Facebook And Twitter Offer New Political Ad Transparency Tools To Head Off Bad Actors

Facebook and Twitter each released new political advertising transparency tools on Thursday in preparation for the 2018 US midterm elections, as the social platforms try to forestall the malicious electoral interference they enabled during the 2016 election.

Facebook began archiving electoral and issue-based ads in May, so any ad by an active candidate or featuring content Facebook deems political – based on 20 initial issue categories, including gun control, abortion and infrastructure – must include a “paid for by” disclaimer and be cataloged in a searchable archive that also displays demographic targeting, campaign budget and impressions per ad.

New features for the transparency program include the ability to view all ad units being run by a page, not just those targeted to a user, as well as expanded information on accounts, like the date a page was created and any name changes.

Twitter debuted a similar ad transparency hub with special insights granted for political ads. Twitter’s Ads Transparency Center will show all the ads or promotions from the past week for any account, but electoral candidates’ ads will disclose billing information (essentially a business address), ad spend, impressions and demographic targeting data, wrote Bruce Falck, general manager of revenue product, in a blog post.

Twitter plans to launch another policy to address issue ads, as opposed to straightforward campaign ads run by active, federal-level candidates, Falck wrote.

The issue-based issue

Facebook’s moderation of issue ads and promoted news content rankled some publishers and advocacy groups that had campaigns identified as political and unexpectedly quashed.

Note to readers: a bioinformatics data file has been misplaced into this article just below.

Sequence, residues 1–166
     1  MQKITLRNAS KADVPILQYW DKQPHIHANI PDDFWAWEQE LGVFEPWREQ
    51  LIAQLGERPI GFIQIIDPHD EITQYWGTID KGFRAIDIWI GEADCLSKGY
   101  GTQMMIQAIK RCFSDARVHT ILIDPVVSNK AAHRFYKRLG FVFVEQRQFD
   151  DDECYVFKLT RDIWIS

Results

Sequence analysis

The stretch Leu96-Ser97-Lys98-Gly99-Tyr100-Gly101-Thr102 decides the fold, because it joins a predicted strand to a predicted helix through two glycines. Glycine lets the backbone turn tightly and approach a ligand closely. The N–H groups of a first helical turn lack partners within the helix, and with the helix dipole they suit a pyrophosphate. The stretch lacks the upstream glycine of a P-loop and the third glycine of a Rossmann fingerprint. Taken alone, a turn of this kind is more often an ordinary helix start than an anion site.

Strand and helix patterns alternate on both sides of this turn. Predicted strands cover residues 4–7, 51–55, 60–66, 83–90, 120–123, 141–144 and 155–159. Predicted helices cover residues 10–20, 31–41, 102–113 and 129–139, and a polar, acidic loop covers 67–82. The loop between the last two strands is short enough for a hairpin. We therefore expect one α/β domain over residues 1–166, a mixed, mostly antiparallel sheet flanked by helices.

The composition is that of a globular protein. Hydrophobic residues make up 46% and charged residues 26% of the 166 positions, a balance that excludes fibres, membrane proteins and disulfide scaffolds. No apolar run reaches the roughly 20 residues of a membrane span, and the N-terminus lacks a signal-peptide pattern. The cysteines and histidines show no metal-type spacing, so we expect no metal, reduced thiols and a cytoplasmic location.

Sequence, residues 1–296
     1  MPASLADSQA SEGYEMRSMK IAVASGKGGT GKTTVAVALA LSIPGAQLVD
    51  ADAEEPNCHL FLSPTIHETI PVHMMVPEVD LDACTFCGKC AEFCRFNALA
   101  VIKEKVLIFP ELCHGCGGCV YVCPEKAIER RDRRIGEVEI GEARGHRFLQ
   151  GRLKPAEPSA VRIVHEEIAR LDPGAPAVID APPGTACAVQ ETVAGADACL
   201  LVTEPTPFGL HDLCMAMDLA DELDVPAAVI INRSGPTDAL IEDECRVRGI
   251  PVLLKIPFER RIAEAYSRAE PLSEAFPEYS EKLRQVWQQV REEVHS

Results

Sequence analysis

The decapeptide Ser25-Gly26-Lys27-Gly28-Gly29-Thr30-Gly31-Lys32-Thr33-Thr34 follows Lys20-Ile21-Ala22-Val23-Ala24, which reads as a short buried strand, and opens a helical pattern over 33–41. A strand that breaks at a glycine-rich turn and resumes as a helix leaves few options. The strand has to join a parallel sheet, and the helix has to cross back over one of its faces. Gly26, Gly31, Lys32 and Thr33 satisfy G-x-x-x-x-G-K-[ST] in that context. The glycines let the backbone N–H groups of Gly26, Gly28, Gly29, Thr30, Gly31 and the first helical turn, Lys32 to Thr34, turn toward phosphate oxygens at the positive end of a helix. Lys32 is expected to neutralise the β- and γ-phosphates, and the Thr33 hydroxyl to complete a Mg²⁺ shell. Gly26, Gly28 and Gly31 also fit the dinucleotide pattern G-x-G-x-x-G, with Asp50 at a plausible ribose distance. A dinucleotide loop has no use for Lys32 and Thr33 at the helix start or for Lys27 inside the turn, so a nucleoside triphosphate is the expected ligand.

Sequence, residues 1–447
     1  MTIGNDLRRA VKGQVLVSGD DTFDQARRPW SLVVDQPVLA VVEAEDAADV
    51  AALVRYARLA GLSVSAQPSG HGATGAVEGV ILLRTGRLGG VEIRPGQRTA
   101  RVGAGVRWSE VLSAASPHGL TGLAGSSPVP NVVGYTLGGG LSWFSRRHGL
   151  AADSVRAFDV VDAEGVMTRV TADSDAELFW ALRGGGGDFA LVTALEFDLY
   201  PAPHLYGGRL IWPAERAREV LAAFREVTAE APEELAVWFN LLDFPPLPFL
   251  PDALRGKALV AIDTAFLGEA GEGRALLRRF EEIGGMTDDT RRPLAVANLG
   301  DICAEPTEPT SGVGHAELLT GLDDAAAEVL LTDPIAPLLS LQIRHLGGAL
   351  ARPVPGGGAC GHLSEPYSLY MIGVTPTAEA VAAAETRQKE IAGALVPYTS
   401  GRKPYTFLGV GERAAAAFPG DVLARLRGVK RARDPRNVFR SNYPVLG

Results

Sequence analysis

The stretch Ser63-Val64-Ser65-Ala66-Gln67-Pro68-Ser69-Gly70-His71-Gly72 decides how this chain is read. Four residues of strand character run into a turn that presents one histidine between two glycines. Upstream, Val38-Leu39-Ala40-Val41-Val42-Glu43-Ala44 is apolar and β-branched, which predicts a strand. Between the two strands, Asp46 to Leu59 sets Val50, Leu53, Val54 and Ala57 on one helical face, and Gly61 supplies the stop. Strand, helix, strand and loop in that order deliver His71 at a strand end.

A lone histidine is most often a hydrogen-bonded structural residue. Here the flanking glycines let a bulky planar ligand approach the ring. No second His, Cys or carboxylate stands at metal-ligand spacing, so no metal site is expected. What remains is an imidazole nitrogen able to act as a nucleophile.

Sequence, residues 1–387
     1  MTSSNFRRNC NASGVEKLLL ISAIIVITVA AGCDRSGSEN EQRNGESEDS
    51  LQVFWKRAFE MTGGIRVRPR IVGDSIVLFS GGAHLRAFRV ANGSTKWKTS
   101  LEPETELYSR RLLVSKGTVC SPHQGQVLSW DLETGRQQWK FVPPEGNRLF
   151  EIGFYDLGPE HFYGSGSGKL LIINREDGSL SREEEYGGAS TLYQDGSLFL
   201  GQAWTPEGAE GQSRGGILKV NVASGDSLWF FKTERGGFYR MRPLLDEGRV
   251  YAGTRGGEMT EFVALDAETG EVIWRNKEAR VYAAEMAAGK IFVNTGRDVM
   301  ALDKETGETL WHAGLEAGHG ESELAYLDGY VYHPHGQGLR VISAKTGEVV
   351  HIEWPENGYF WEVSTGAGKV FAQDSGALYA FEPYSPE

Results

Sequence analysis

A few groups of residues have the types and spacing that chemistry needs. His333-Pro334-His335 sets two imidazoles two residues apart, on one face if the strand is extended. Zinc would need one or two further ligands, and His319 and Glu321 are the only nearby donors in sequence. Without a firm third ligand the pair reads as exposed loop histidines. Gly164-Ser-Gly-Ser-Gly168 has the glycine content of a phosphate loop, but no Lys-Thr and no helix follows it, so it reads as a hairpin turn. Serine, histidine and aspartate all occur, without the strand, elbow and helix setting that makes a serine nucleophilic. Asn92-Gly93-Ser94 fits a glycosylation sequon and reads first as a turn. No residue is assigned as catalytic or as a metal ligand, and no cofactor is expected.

“We had a choice about how broad would we paint the transparency brush and decided that the goal is transparency so we’re erring on the side of being more transparent and including more,” Facebook COO Sheryl Sandberg told reporters.

Delays are frustrating, especially for publishers unable to promote news, when they must confirm their status with Facebook, Sandberg said.

But Facebook is willing to forego immediacy to ensure its transparency program doesn’t miss content it should moderate.

Many analysts expected social media platforms to focus on candidates and avoid issue advocacy, since the Federal Election Commission only regulates ads by federal campaigns and national parties.

But that isn’t going to cut it for Facebook or Twitter.

The Russian intel operations using Facebook’s and Twitter’s media platforms during the 2016 campaigns, for instance, rarely touched on specific candidates.

Any pitfalls when content is misidentified as political are natural growing pains as social media companies change how they think about platform responsibilities, Sandberg said.

 

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